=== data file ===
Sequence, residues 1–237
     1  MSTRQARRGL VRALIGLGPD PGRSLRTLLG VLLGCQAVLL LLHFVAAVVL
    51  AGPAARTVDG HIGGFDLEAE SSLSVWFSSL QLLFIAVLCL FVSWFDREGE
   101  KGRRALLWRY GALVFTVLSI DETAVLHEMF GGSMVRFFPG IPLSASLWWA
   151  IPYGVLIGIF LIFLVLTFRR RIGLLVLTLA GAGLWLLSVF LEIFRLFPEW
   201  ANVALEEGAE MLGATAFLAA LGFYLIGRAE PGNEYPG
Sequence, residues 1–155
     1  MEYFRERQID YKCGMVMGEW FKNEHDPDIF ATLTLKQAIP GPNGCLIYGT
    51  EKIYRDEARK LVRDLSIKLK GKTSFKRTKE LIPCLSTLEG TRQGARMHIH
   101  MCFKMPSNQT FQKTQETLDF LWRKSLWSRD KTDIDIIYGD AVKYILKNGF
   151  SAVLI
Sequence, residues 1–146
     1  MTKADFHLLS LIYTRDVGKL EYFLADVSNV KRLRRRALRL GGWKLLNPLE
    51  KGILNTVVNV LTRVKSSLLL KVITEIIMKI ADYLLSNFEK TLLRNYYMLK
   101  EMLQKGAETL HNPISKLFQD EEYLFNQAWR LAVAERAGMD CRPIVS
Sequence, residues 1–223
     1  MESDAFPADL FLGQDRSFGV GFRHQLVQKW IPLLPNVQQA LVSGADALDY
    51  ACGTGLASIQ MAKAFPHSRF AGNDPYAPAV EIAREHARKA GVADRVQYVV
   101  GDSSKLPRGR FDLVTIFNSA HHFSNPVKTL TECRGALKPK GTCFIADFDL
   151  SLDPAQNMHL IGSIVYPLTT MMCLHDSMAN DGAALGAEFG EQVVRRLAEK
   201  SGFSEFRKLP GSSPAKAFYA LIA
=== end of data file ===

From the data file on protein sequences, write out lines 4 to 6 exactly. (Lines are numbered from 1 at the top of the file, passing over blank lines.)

   101  KGRRALLWRY GALVFTVLSI DETAVLHEMF GGSMVRFFPG IPLSASLWWA
   151  IPYGVLIGIF LIFLVLTFRR RIGLLVLTLA GAGLWLLSVF LEIFRLFPEW
   201  ANVALEEGAE MLGATAFLAA LGFYLIGRAE PGNEYPG